In school, I opted for music and film appreciation, leaving my studies of art when the crayons got put away after the third grade.
My loss, because art appreciation is a wonderful spur for the imagination.
Still, it’s never too late to learn. During a recent visit to the St. Louis Art Museum, I met the following characters set in canvas and carved from stone.
Any NPCs for a future game? You decide.
Bakkhos, the satyr, king of the feast
Most satyrs establish their domain in vineyards and orchards. But Bakkhos is different. The king of the feast is the permanent guest in the estate garden of the Lady Phontine, a prominent Dionysus worshipper in the city. Bakkhos has adopted the persona of a “civilized” savage, a philosophical sage who offers small bits of what passes for wisdom to members of the Dionysus cult and other cultural elites that seek him out. The Lady Phontine has done much to cultivate and advertise this personality — the close association continues to elevate her social standing. At heart, though, Bakkhos remains the “king of the feast” whose nature is reflected in wildflowers in bloom, the bounty of the grape harvest and hours of idyllic leisure spent in green pastures. For him, a little wine, a few notes on the reed pipes and a charming personality are enough to turn a private conference into a carnal frolic. Imparted wisdom, indeed.
As a villain: A corruptor of the privileged classes who uses debauchery and leverage to further the aims of dark gods.
Teun, vagabond with a secret
Behind the knowing smile of Teun lies a secret. The secret changes from day to to day, of course. Buried treasure? Gossip about the gentry? Guild politics? He is a broker of information, seeking not coin, but influence and goodwill. He makes deals with casual acquaintances and longstanding friends. The easy-going fellow always seems at home, whether it is in a seedy tavern frequented by adventurers or mixing with the well-to-do at a fair or public exhibition. Handsome with a hint of beard, he conveys the bearing of a rogue, something women admire and men are comfortable with. He can handle himself in a scrape, usually sticking in a fight just long enough to prove himself stalwart, but always ready to extricate himself.
As a villain: A pre-eminent blackmailer of the rich and powerful.
Riders of the surround, brothers Psiris and Hei
Fortunate is the adventuring party, merchants, pilgrims or pioneers who have Psiris and Hei as their principal guides. The are accomplished trail blazers, capable scouts who not only have an unerring sense of direction, but can find passages navigable by the large wagons that are part of a merchant train.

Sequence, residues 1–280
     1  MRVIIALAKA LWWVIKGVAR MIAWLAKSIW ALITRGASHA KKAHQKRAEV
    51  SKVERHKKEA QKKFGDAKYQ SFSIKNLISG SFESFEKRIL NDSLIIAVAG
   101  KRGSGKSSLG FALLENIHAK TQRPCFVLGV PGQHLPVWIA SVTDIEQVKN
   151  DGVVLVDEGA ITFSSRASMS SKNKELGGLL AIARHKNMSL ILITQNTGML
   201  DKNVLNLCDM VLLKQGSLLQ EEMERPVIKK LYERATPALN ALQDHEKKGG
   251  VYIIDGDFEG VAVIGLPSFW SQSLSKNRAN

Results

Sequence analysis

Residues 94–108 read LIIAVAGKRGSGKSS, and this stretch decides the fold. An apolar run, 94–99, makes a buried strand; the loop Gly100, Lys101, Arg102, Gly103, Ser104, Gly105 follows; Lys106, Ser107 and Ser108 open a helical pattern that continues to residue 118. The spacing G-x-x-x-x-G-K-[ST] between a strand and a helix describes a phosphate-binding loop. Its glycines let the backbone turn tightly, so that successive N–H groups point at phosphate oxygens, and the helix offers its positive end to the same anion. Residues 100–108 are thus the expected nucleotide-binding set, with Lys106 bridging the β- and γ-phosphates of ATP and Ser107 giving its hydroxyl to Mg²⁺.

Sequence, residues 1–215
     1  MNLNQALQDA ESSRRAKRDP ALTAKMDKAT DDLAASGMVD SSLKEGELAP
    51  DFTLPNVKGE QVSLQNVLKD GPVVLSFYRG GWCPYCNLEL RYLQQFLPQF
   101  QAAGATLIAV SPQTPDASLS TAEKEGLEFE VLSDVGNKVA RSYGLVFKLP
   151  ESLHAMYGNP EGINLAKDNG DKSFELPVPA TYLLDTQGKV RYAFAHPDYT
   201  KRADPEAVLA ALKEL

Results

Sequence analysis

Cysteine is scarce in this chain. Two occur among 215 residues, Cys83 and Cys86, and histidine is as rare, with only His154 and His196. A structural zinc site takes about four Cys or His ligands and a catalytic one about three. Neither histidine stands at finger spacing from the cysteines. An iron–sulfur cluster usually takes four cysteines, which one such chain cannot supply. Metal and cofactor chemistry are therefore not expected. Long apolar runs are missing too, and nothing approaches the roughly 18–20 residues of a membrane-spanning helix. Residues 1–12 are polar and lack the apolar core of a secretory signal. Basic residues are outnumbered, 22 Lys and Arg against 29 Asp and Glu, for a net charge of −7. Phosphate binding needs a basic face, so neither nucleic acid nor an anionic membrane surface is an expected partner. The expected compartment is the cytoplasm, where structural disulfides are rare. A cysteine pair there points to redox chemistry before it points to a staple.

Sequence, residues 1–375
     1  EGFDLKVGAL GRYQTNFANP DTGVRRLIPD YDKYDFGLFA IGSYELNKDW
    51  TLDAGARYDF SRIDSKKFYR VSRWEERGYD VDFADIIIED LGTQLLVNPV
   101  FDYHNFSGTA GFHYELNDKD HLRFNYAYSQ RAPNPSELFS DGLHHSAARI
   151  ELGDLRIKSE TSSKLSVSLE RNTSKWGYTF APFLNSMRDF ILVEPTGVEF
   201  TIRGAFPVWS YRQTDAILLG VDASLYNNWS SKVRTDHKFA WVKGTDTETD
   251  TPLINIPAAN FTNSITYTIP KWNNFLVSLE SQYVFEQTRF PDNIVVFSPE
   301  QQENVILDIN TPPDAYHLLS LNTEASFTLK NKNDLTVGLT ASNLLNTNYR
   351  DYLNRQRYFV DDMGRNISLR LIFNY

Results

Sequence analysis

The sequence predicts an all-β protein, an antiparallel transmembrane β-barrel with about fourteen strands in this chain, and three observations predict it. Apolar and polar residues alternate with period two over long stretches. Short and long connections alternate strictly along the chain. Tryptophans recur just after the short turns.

Psiris, who wears light colored garb, is the elder. Confident and experienced, well into his middle years, he learned this craft from hard-won experience. Hei has been at his side only for a dozen years, benefiting from the elder brother’s experience, and has been spared more of the close calls that came from misjudgment. Hei talks wistfully of striking out on his own, to form his own company and train apprentices just as Psiris did with him. For his part, Psiris has known only the trail. Previous attempts to settle down have not worked out.
As villains: Scoundrels, who often as not, lead unsuspecting parties into ambushes or robbery by confederates, while maintaining their cover as “honest” guides.
Psiris and Hei would work well in an Aces and Eights game too. I like the spark that leads you from art to NPC… there are interesting stories buried in those frames (and stone).
Most fantasy archetypes have Old West analogs. I was, in fact, thinking about unscrupulous guides from the pioneer era when I wrote that section. So happy trails with your Aces and Eights game!
Great article, Troy! I love that you took art and used that art to craft NPCs that fit the motif of the artwork used. The guides are my favorite, though the others are just fine. How about some statted out NPC sheets for these guys??? 😛
I suspect you already have the stats for these npcs, Andy. 😉 Much depends on your game and system you prefer, of course. But to illustrate how to get the most out of your d20 fantasy core books, using what they provide instead of crafting NPC stats yourself, here they are:
3.0 DMG, use either bard (p.50), cleric (p.51) or druid (p.52) stats, level of your choice. Because there is no satyr adjustments, use the wild elf template from PC adjustment chart, making sure he can cast charm person, sleep and fear as a 10th level sorcerer or satyr from MM (p.160)
4.0 MM, satyr piper, p. 228
5.0 MM, satyr, piper variant, p. 267
PFRPG, NPC Codex, either dark nature priest (p77) or sylvan protector (p.63)
3.0 DMG, rogue (p55)
4.0 DMG, rogue npc template (p.188), or MM, halfling prowler (p.153)
5.0 MM, spy (p349)
PFRPG, NPC Codex, Dilettant (p.151) or iconic rogue (p.292-3)
Psiris and Hei
3.0 DMG, paladin (p.54)
4.0 MM2, human cavalier (p144)
5.0 MM, scout (p349)
PFRPG, NPC Codex, rider of the steppe (p121)
Great suggestion, Troy, I can make the core books do the heavy lifting for me!